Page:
Brown has previously denied the allegations and vowed to fight the case. In fact, Brown filed a counterclaim against the condo claiming his unit was burglarized in April 2018 due to lack of security at the complex. Brown filed multiple police reports claiming the burglars entered his place without permission and stole $80k in cash and a 9mm firearm while he was out of town.

AB arrived for his deposition on Tuesday morning with his agent, Drew Rosenhaus, by his side — along with his attorney, Darren Heitner.

The former New England Patriots star was dressed in a black tracksuit and was smiling and using his phone to record the media throng waiting for him as he arrived.

In other words, he didn’t seem worried at all.

If The Mansions sounds familiar, it’s the same place where Brown was accused of going on a furniture-throwing tirade back in 2018 … and almost smashing a 22-month-old child.

Brown was sued by the family of the kid who says Brown was launching furniture off his balcony and only missed hitting the child and his grandfather by “a mere foot or two.”

Brown struck a settlement with the family — agreeing to put money in the kid’s college fund and also donate to a charity.

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Britney Spears’ Dad Jamie Officially Steps Down as Her Conservator

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Britney Spears’ father, Jamie Spears, has officially stepped down as the singer’s conservator.

After previously petitioning the court to hand over the reins of the singer’s conservatorship citing ongoing health issues, a judge on Monday approved the request and appointed Britney’s longtime care manager, Jodi Montgomery, as the singer’s new conservatory, according to court documents obtained by ET.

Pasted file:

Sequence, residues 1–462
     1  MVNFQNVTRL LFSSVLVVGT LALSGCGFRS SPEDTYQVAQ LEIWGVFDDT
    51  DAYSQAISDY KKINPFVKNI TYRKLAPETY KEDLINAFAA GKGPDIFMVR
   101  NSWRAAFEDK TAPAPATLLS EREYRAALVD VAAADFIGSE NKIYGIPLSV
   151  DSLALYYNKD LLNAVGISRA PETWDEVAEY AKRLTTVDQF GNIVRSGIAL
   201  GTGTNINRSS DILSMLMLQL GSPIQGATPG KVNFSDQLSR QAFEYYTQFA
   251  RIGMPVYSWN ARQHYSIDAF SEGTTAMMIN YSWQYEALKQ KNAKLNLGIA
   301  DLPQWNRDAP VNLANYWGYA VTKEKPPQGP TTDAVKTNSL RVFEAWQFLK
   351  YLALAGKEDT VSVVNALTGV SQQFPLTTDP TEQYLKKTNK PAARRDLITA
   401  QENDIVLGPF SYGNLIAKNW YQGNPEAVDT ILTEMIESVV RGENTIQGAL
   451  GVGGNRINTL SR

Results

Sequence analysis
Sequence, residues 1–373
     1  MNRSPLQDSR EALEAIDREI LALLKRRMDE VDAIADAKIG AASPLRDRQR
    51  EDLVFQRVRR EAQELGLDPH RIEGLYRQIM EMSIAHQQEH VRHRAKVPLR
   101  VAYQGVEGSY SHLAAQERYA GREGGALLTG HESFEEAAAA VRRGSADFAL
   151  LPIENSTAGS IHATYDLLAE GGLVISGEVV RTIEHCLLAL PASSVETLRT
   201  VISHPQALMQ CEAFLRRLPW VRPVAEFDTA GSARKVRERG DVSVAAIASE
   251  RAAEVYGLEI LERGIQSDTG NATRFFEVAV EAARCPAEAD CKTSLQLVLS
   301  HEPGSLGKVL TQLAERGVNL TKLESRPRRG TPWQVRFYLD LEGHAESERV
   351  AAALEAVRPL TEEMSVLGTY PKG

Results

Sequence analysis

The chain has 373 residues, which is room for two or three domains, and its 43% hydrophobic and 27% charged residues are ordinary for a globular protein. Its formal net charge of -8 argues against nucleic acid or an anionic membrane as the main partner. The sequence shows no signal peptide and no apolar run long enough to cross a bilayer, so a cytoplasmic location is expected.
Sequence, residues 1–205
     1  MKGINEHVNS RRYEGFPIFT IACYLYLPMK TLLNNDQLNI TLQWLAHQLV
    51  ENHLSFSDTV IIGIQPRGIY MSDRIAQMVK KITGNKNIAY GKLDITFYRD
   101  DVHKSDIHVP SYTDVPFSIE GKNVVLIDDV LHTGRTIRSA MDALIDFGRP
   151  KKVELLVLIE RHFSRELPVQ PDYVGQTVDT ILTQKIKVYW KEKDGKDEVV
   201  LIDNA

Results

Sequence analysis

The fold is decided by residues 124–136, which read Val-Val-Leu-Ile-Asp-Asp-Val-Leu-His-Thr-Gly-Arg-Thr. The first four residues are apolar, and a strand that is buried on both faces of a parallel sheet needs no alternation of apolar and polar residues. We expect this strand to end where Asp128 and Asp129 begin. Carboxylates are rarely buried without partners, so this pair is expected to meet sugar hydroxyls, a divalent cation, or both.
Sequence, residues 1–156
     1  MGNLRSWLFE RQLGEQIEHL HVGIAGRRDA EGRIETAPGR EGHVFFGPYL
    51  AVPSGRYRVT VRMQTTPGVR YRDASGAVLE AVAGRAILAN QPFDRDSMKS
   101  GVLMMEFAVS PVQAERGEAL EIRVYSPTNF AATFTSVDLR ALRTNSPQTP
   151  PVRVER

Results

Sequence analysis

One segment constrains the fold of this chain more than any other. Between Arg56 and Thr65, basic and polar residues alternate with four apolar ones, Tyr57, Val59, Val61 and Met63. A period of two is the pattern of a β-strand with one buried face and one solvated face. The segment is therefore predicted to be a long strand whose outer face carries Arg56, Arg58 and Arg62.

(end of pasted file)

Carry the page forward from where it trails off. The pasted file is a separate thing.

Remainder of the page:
According to the documents, Jodi Montgomery has been temporarily granted the same powers previously granted to Jamie, including the power to restrict and limit visitors by any means — provided that Jodi will not prevent Britney from meeting with her court-appointed attorney — and the power to retain caretakers and security guards for Britney on an around-the-clock basis.

The new conservatory will also have the power to prosecute civil harassment restraining orders that Britney deems appropriate, and she will have the power to communicate with all expert medical personnel treating Britney, as well as access to any and all records regarding Britney’s medical treatment, diagnosis, and testing.

According to the court documents, Montgomery will serve as Britney’s temporary conservator until Jan. 31, 2020, after which time her role as temporary conservator could be extended.

Jamie has been the 37-year-old singer’s conservator since 2008, and he became her sole conservator this year after his former co-conservator, attorney Andrew Wallet, resigned in March.

ET has reached out to attorneys for both Jamie and Britney for comment.

The legal filing comes after Britney’s two sons — Sean, 13, and Jayden, 12 — were granted a temporary restraining order against Jamie, a source told ET on Wednesday. The source claimed that an incident occurred on Aug. 24, in which Jamie allegedly “engaged in conduct that was physical abuse” toward Sean. According to the source, the very next day, Kevin Federline — Sean and Jayden’s father — and Federline’s divorce attorney, Mark Vincent Kaplan, filed a police report at the Ventura County Sheriff’s Office.

According to Kaplan, “Britney recognized the children were in a dangerous situation and she demonstrated the correct parental judgment by removing them from it.” ET also reached out to Federline’s attorney on Friday.